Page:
At closer inspection, it turned out that all of the grievances were related to a lack of town planning as well as the lack of enforcement of whatever town planning had been done. It also turned out that some people within the state agencies and even the state cabinet were in favour of the NGOs, and that many of them had even – more or less secretly – been supporting and briefing them. There was a rift within the government with one side trying to enforce government authority to implement policy and the other side manipulating rules with an eye to staying in power. The conflicts were not fundamentally one of civil society versus the state.

Basically, state agencies were allowing some private parties some individual gains to the detriment of Calcutta’s environment. In some cases, private interests were not apparent, but government agencies were plainly dysfunctional while pretending to fulfil their duties.

The role of judges

The judges dealt with the cases in what I called an impressionistic way. They did not tackle the underlying issue of town planning. There was a good reason for doing so; courts are equipped to hold trials, they are not equipped to plan megacities. Any judicial institution that tried to do town planning would fast prove dramatically overburdened. The judges tried to solve individual grievances as best they could, but shied away from assuming duties they knew they were unable to perform.

Many judgments made sense, and what is more, some made a difference on the ground. When I was doing my work, the practice of public morgues allowing dead bodies to rot for months under the open sky was discontinued in Howrah. That court order set an example for all of West Bengal. In the wetlands, the waste recycling region was protected by court order and the state government respected that decision in the ongoing development of East Kolkata. Howrah Maidan was opened to the public again. At the end of the 1990s, the tanneries had not been relocated yet, but it was clear that the Supreme Court judgment demanding their relocation would be enforced.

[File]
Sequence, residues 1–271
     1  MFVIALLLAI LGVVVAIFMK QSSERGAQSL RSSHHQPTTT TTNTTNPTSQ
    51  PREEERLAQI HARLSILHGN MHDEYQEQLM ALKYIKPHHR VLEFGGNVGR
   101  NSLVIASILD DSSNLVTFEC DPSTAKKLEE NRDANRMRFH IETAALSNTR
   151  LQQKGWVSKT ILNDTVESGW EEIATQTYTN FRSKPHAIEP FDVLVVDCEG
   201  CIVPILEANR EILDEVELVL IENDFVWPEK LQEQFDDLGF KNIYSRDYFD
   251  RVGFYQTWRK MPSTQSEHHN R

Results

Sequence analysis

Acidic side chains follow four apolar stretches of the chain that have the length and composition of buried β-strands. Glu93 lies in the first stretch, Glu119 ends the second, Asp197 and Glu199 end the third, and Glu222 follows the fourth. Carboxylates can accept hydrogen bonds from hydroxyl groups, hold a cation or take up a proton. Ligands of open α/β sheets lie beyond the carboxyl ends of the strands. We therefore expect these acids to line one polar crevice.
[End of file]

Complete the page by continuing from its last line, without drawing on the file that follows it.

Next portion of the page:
The judges heard conflicting parties in court, thus establishing a kind of public sphere that subordinated hierarchical power to reasoned arguments. This kind of public sphere had previously not existed. In the court setting, what mattered was not the formal ranking of a party, but the logic and coherence of its thinking and the quality of the evidence submitted. The judges decided on the basis of such debate, and many of their orders were well argued accordingly. Moreover, the judges promised to monitor implementation, thus putting pressure on the state agencies to fulfil their duties.

The judges’ approach turned the high court and the Supreme Court into public forums in which citizens could confront state agencies with reasonable demands with the hope of those demands being thoroughly assessed and achieving decisions that would change matters on the ground level. Accordingly, my book’s conclusion argued that they were deepening democracy and fostering meaningful public participation in public affairs.

The charge of contempt

At this point, you will probably wonder why such a favourable assessment might have irritated the high court to the point of starting contempt proceedings. The problem was that my book included sections that dealt with the public reputation of the judiciary and the Calcutta high court in particular. These sections were necessary. It is impossible to assess the socio-political relevance of an institution without considering its public image.